This was the right decision. I was fortunate to have a supervisor who cared enough to remove me from command and order me to be evaluated. He forced me to get medical help. That is exactly what I needed, because I believed I was okay and that everyone who thought otherwise was out to get me—but I was wrong.
I resigned that day but had been diagnosed as “fit for duty” three times that month. This underlines how difficult it is to recognize and diagnose bipolar disorder. Had my clinicians and chain of command discussed my symptoms, they could have reached an accurate diagnosis sooner and saved me mental anguish and risk of suicide.
I subsequently crashed into severe depression and psychosis, was diagnosed in November 2014, and spent two years fighting for my life. I underwent various therapies, including electro-convulsive therapy (ECT), and spent weeks in a VA hospital, battling to keep my passive suicidal ideations from becoming active. I finally stabilized with lithium and began my recovery in September 2016.
What To Do Institutionally
Training and education. The military has improved in recent years, particularly regarding depression, post-traumatic stress disorder, traumatic brain injury, and suicide awareness.2 People also must be able to recognize the symptoms of the most common mental health disorders.
Lead by example on mental wellness. Improvement is evident with the Army’s Holistic Health and Fitness field manual, FM 7-22.
Tell the truth about mental health. Everyone needs a battle buddy, or confidante, who gives it to them straight, without fear of retribution. A peer support system is key.
Reevaluate personnel policies. The military can enhance leadership and help uncover leaders harboring mental health conditions by:
• Adopting a 360-degree feedback program
• Keeping senior leaders in assignments long enough to be effective, enhance accountability, avoid masking detrimental behaviors, and reduce turbulence
• Developing a professionally certified coaching program for senior leaders
Stop perpetuating mental health stigma. If soldiers fear separation, many will not seek treatment. Mental health treatment should not be a source of stigma any more than a knee or back injury that precludes further military service.
Educate leaders to better understand mental health conditions. The Department of Defense (DoD) should increase research into the causes, prevention, and cures for brain maladies. In addition, military leaders should be taught to distinguish between essential and desirable behaviors/traits and consider and assess the possibility of mania being a factor in service member misconduct.
Increase the availability of mental health services. DoD should tighten its collaboration with VA and civilian mental health providers to improve continuity of care and push services down to the lowest levels.
Prioritize mental health. It cannot be an afterthought or addressed only when there is a problem or crisis. The brain is a service member’s most important weapon system.
What to Do Individually
Accept the truth. The first step to recovery is accepting that you might have a mental health disorder. When my boss ordered me to get a mental health exam, I considered the possibility I might be ill. When I was diagnosed with bipolar disorder, I embraced it and decided to do what it took to get well. I was grateful the doctors finally knew what was wrong with me and had ways to help.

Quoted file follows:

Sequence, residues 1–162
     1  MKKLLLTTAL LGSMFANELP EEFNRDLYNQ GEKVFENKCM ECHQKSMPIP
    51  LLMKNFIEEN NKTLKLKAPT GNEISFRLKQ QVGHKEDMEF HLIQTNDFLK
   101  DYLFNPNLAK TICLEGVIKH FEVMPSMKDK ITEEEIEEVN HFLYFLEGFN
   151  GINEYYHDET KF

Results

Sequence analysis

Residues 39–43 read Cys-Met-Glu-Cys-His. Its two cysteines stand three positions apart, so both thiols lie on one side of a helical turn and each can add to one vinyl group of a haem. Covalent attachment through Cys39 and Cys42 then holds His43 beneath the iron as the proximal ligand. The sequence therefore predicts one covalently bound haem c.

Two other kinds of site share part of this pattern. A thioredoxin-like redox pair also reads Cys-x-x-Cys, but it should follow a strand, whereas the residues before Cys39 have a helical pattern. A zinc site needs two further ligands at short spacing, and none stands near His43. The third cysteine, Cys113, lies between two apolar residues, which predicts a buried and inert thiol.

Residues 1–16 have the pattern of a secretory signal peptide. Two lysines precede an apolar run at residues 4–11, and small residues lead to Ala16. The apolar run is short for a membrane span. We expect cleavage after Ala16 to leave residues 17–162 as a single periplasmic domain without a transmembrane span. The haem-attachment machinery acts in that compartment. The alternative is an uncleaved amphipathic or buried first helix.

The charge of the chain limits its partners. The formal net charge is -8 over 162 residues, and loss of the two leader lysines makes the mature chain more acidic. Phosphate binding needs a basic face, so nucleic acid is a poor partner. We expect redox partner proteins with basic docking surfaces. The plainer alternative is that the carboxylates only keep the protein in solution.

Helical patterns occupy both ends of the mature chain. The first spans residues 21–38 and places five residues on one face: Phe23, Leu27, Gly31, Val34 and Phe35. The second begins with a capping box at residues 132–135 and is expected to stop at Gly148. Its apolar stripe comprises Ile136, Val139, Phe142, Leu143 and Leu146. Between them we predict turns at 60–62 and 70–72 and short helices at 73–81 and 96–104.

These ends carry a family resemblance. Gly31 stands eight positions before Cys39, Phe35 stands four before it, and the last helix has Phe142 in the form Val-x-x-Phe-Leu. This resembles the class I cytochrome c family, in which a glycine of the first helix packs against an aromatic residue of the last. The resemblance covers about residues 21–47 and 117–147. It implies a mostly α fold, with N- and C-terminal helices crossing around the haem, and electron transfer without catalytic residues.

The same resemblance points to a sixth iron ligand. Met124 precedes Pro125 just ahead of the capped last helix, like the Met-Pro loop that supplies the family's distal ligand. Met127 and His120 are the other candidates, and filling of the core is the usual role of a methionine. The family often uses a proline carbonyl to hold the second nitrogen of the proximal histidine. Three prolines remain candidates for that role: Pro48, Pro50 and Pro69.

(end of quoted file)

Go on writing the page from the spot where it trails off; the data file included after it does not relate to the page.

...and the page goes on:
Get help. Once you accept the painful truth, go get medical help. Be honest with your clinicians. Much of what they assess comes directly from you, the patient. Get family, friends, and colleagues to share what they have seen in you, so clinicians have a complete picture.
Build connections. When we acknowledge our condition and work to recover, people will want to help us. My wife and family stood by me throughout my diagnosis and treatment. An Army battle buddy helped get me into a great VA hospital, then followed up. Others encouraged, supported, and accepted me, without judgment.
Nourish yourself with hope. People are the most significant source of hope, so find people and activities that inspire you and lift you up. Human connection is one of the most powerful aspects of my recovery and new life of health, happiness, and prosperity.
Help stop the stigma. As mental wellness warriors, we each have a role to play in destroying the stigma that surrounds mental health—the biggest barrier to people seeking help. I am open, transparent, and honest about my bipolar story, and each relationship and conversation helps educate and chip away at the stigma.
In addition to the right medications, therapy and healthful living, anchor yourself on the social foundation of the 4P’s: People, Place, Purpose, and Perseverance. The right medications and healthful living are necessary, but not sufficient, for recovery. For a recovery that’s built to last, you must anchor it into the social foundation of the 4P’s. People: develop a network of happy, upbeat, interesting friends that you enjoy; make-a-friend and be-a-friend (MAF-BAF) every day. Place: live in a safe place that makes you feel good and energized. Purpose: discover and live your own mission and passion—make your life count for something greater than yourself! Perseverance: infuse and animate your life with the will to recover—never give up!3
If you are suffering from mental illness, you are not alone. Mental conditions are widespread; 25 percent of the global population are afflicted and virtually 100 percent are affected, through family members, friends, or colleagues. There is a vast network of potential support, within and outside the military. It is okay to not be okay.
I am a proud, thankful bipolar survivor, and I am thriving. I must live a life of disciplined vigilance to keep bipolarity at bay. I want people to know I have bipolar disorder, went through hell, am in recovery, and now live a happy, healthy, successful life—and they can too.
1. David N. Osser, “Hyperthymic Temperament,” Psychiatric Times 36, no 9 (13 September 2019).
2. Jane Gervasoni, “ACE Suicide Prevention Programs Wins National Recognition,” U.S. Army, 1 September 2010.
3. Gregg Martin, “The ‘4Ps’ of Mental Recovery: Medical Care and Healthfulness”, 7 July 2022, “Psychiatric Times”; and Thomas Insel, Healing: Our Path From Mental Illness to Mental Health (New York: Penguin Press; 2022).